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Holocaust

[Page 49]

My Town During the Second World War

by Nusia Schweizer Horowitz

The war which broke out on September 1, 1939, did not surprise the citizens of Poland. After the “Anschluss” with Austria in 1938 and annexation of the Sudetenland to Germany it was clear that Poland would be next in line. Nazi Germany wanted to expand to the east. Poland prepared for war and preparations did not pass over our town. Many army units camped n the forests surrounding the town and conducted maneuvers. A military airfield was built on the outskirts of town and the Polish Air Force trained there. About two years before the outbreak of war, a new road was built from granite stones running the length of the town. The old bridge over the Seret River was destroyed and a new concrete and steel bridge was built in its place. The work was completed at the end of 1938.

On September 1 st , 1939, many residents of the town, including Jews were drafted into the Polish army. Munio Hochberg, Benny Lifschitz, and Yitzhak Steinwurzel were sons of Mikulince who were called into service who did not return. Trenches were dug in town - in public parks and private gardens - to serve as shelters from air attacks. Many Jewish refugees from Western Poland, fleeing the Nazi monster, flooded our town. The townspeople received them into their homes and tried their best to help them.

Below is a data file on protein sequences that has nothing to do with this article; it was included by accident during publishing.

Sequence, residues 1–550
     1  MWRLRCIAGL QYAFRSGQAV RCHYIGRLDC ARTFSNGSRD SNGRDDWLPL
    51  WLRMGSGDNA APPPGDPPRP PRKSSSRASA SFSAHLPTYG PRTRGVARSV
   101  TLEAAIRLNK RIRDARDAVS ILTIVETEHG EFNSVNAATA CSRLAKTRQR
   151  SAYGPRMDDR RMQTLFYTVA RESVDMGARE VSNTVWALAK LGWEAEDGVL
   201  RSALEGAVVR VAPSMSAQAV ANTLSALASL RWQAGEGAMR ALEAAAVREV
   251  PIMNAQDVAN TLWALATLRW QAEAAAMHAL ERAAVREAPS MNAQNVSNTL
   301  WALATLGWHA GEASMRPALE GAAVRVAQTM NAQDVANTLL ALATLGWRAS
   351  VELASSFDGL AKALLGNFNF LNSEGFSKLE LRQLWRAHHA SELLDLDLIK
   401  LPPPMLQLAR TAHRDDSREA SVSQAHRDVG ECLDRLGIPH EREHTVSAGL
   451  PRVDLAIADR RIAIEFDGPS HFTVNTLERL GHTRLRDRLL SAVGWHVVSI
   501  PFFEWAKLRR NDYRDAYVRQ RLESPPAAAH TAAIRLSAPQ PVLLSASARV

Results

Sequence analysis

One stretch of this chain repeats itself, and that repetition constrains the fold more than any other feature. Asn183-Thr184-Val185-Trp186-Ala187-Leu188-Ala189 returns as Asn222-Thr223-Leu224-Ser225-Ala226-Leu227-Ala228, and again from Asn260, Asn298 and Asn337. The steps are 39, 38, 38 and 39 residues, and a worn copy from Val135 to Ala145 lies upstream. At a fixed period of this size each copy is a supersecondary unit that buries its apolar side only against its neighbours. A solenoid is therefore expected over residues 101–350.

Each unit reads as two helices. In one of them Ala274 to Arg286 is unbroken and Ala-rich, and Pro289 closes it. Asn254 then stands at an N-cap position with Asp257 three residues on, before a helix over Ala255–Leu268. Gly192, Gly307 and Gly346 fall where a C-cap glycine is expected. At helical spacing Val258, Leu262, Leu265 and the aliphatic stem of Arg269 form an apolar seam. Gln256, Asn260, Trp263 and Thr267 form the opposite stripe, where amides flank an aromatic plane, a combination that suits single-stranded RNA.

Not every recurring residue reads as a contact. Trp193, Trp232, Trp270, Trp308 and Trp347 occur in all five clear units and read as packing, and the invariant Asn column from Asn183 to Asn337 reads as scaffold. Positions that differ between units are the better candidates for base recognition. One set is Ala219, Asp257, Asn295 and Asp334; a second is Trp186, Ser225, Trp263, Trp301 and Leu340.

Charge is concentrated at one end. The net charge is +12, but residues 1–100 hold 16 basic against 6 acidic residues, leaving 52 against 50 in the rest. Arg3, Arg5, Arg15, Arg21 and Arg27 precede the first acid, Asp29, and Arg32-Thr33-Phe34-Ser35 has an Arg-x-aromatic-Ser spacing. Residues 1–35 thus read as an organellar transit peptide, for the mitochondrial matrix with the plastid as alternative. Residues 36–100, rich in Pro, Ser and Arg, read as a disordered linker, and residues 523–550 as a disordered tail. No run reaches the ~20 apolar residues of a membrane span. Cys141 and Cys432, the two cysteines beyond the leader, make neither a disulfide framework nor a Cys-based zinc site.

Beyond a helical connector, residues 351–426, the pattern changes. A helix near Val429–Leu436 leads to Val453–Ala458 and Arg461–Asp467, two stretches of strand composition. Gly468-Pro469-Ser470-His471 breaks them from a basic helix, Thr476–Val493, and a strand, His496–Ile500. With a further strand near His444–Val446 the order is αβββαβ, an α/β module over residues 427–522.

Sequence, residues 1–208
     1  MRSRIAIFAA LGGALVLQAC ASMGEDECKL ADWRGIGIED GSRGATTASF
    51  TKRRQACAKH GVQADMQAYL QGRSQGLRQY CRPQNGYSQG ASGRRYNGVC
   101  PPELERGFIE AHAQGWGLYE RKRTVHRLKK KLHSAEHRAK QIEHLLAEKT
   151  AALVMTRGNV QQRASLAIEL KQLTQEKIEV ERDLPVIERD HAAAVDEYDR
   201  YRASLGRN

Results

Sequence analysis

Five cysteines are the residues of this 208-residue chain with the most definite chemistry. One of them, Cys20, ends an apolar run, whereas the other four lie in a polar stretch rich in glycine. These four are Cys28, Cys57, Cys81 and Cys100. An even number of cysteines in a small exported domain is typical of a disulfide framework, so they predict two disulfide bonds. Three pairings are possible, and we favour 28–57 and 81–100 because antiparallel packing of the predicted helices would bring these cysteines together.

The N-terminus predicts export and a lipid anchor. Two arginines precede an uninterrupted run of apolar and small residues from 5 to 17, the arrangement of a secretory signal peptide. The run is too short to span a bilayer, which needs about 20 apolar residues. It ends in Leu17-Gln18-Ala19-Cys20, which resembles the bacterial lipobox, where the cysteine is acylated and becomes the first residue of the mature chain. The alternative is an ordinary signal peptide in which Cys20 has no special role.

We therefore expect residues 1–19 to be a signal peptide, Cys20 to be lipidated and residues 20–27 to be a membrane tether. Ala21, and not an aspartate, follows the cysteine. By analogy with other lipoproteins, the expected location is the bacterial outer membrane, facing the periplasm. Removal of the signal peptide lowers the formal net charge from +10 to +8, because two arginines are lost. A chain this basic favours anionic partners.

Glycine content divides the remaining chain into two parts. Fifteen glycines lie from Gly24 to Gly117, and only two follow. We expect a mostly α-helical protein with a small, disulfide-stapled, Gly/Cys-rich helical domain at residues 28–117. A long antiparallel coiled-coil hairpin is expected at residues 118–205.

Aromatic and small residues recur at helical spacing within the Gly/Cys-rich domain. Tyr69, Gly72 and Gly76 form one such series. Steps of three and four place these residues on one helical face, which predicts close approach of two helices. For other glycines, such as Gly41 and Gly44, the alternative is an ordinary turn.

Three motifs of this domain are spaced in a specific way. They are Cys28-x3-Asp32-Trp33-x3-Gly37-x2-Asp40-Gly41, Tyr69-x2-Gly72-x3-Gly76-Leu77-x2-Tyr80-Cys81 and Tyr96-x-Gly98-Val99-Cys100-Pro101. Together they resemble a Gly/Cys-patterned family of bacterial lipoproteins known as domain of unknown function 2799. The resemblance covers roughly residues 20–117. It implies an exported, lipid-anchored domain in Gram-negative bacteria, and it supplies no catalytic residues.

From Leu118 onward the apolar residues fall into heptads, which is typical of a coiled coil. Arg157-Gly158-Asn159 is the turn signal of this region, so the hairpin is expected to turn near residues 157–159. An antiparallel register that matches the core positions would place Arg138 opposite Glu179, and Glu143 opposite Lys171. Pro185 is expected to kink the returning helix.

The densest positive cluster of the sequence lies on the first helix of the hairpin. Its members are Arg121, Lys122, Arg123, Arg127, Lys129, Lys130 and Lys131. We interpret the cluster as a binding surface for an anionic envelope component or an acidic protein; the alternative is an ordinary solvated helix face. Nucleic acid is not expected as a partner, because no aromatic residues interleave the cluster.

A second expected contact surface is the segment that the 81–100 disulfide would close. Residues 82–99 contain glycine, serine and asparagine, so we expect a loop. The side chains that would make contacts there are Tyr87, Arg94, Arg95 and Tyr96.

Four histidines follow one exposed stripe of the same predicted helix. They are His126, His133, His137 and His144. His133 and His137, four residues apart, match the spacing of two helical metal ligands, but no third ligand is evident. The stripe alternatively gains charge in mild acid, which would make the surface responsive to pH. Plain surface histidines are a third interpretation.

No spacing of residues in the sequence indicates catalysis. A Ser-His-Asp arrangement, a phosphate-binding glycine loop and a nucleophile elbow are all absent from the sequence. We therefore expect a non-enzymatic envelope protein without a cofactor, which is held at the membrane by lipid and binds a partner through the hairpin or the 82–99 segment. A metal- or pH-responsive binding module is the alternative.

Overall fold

During the High Holy Days, a Polish general living in our home said to my parents, “Jews this is your New Year. Please pray for Poland.” We knew things were bad. A few days later conscripts from our town began returning from the front. They were broken, wounded, and verging on collapse. They wore civilian clothing. They hadn’t even been issued uniforms. Horror stories began to spread about the situation in the West. In the final days before Poland’s unconditional surrender to the Germans, high ranking Polish leaders - the president, the prime minister, and cabinet ministers - drove through our town in their flight to Romania. Armored cars drove through rumored to be holding the state treasury. On September 17 th , many planes were seen in the sky over Mikulince. Everyone looked, but no one understood what was happening. That afternoon, we learned that the planes were Soviet planes and that eastern Poland had been occupied by the Red Army of the Soviet Union. Thus, Poland was divided between Germany and the Soviet Union according to the Ribenthrop Molotov Agreement. From that day, we were annexed to the Western Ukrainian Republic. We, as children and young people educated in the Polish national spirit and with Polish as our mother tongue, felt depressed and disappointed. We knew then that Poland had been betrayed. The slogan “not only won’t we give you the dress, we won’t even give you one button on it” (which was written on every picture of Marshall Riz Shmigly, Pilsudsky’s successor) was an empty slogan devoid of any meaning. We were afraid. We remembered our parents’ stories of the Bolsheviks at the end of World War I...stories that were by no means complimentary.